The Covid-19 pandemic is slowly improving in some countries, with lockdown measures easing and market activities resuming. This is apparent in coffee products manufacturer and distributor Food Empire’s core markets in Russia and Ukraine.

This means an improvement in mobility trends at shops and the recovery in retail sales.

With that, UOB Kay Hian is remaining positive on Food Empire’s outlook and is keeping a “buy” recommendation on the stock with a target price of 85 cents.

To recap, in its latest 2Q20 results, the group’s revenue from Russia fell by 20% y-o-y, due to stay-at-home measures implemented at end-March. For most regions, footfall at shops plummeted as residences were confined to their homes, and food purchases were only allowed at shops closest to their place of residence.

But since June, Russia has been gradually easing restrictions and a three-stage reopening plan was announced by the federal government, with regional governors ultimately deciding how and when to proceed. With that, there has been an improvement in mobility trend at places such as grocery markets and specialty food shops. Ukraine has also seen similar patterns with restrictions being eased.

With the reopening of retail businesses in most regions, retail food sales in Russia rebounded with the pace of decline narrowing to -2.2% y-o-y in July, while retail turnover in Ukraine bounced back in July, registering a y-o-y growth of 7.8% for the first month since April.

This mirrors management’s guidance in 2Q20 of sales slowly reverting to pre-Covid-19 levels.

In a September 24 report, analyst Joohijit Kaur says, “We are encouraged by the sequential recovery in these markets and our forecast accounts for a moderate 5.1% y-o-y decline in core earnings in 2H20 compared with -24% y-o-y (excluding forex gain) in 2Q20.”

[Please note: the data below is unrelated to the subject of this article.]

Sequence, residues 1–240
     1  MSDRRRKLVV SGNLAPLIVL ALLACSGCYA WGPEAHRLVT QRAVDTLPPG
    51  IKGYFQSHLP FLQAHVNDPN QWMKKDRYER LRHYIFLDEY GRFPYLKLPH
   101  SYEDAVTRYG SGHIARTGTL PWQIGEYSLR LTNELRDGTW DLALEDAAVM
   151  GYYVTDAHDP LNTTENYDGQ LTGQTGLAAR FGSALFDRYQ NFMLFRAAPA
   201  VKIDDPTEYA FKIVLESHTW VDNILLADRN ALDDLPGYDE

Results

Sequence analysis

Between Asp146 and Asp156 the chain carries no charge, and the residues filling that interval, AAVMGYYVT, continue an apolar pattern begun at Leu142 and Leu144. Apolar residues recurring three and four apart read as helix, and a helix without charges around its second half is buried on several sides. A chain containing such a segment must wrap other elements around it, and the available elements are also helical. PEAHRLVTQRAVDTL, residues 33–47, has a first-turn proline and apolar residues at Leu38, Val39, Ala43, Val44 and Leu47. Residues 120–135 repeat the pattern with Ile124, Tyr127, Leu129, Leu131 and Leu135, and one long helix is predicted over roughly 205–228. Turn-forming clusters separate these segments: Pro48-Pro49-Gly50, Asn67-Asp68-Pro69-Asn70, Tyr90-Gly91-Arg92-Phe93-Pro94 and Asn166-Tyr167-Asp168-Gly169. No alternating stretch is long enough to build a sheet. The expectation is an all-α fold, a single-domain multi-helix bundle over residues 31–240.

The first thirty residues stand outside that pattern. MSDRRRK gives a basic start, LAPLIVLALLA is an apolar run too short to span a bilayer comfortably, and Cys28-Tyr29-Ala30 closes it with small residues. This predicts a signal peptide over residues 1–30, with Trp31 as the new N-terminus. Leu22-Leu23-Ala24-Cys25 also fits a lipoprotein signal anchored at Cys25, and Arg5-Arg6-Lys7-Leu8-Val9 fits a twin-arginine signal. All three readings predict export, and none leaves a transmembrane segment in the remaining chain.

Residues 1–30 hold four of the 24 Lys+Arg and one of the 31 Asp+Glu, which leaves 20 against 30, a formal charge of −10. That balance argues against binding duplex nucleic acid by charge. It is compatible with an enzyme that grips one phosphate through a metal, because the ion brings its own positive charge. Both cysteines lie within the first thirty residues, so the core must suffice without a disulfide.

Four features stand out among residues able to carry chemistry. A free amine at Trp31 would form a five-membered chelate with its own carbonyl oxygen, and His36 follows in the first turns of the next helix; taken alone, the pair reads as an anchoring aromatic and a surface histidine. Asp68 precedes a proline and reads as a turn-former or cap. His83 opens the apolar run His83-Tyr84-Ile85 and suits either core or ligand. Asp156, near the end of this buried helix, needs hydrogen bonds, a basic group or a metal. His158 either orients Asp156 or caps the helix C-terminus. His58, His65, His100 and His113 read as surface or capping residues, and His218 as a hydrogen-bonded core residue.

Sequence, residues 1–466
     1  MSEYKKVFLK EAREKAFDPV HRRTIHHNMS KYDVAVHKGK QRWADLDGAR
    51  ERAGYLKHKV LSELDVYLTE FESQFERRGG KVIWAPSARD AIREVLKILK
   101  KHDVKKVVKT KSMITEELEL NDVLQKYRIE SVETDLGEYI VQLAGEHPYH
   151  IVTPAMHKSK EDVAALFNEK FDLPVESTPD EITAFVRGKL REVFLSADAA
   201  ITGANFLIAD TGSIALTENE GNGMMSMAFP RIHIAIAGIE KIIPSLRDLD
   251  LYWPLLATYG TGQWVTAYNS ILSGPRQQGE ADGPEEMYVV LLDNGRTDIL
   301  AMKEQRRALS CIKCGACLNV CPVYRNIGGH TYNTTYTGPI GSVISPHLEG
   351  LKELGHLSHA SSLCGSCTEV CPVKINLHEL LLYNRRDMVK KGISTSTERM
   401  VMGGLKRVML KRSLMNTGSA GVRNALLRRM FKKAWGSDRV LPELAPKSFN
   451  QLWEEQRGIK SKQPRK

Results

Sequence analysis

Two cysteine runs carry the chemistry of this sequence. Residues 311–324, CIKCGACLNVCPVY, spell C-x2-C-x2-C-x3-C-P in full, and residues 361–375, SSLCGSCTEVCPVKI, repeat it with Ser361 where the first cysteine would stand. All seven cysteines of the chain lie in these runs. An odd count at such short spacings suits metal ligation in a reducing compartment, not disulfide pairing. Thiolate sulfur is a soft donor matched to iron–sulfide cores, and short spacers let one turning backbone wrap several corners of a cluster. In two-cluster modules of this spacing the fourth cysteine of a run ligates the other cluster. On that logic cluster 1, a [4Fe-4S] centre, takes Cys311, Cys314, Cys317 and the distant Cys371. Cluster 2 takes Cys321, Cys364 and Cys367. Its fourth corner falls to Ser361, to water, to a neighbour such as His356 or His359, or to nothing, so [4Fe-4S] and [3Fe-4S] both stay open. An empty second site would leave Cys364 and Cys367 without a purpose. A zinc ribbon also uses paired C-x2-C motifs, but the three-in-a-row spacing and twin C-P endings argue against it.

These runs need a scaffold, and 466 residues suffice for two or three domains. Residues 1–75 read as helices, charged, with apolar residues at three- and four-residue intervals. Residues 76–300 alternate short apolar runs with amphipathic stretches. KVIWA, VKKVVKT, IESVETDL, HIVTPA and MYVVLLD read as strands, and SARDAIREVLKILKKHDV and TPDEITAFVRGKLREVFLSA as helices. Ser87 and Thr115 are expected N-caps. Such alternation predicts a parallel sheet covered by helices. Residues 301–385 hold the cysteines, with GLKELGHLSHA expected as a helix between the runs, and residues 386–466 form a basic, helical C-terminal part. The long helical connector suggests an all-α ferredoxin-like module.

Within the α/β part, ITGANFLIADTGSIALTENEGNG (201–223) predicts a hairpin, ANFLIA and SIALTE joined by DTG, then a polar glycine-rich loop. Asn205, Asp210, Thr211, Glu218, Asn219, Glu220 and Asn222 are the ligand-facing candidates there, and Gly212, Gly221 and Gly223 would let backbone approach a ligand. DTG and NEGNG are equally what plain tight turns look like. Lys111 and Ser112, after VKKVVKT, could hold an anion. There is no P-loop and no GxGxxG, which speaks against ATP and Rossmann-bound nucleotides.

Furthermore, the group has managed to mitigate the impact of the volatile Russian Rouble by implementing a an average selling price (ASP) hike in April. With the price hike being carried out in stages, the analyst reckons that this will only be more apparent in the group’s 3Q20 results as compared to 2Q20.

Additionally, the group has also managed to contain cost, with admin expense being reduced by US$2 million in 2Q20, forming 13.2% of sales compared to 14.2% in 2Q19.

“Given the consumer staple nature of its products, low price point and its market leading position, demand for its products is relatively price inelastic and is fairly resilient in the face of an economic slowdown, in our view,” says Kaur.

Meanwhile in Vietnam, the group’s second largest and fast growing market, sales have been impacted less by the pandemic and have performed well.

While the group does not separately disclose Vietnam’s sales, the group’s Southeast Asia market (which includes businesses in Vietnam and Malaysia) registered a growth of 9.0% y-o-y in 2Q19, driven by the growth in sales volume in Vietnam.

“Although there was a slight resurgence in cases in early August, movement restrictions were mostly limited to affected provinces. As such, we do not expect it to have a major impact on the group’s operations and sales,” says Kaur.

Overall, the stock is trading at an attractive valuation of 8.6 times FY21 PE, a significant discount to peer average of 20 times FY21 PE despite its market leader position in its core markets in Eastern Europe and growing presence in Vietnam.

As at 12.50pm, shares in Food Empire are trading at 60 cents, or 1.0 times FY20 book with a dividend yield of 1.7%.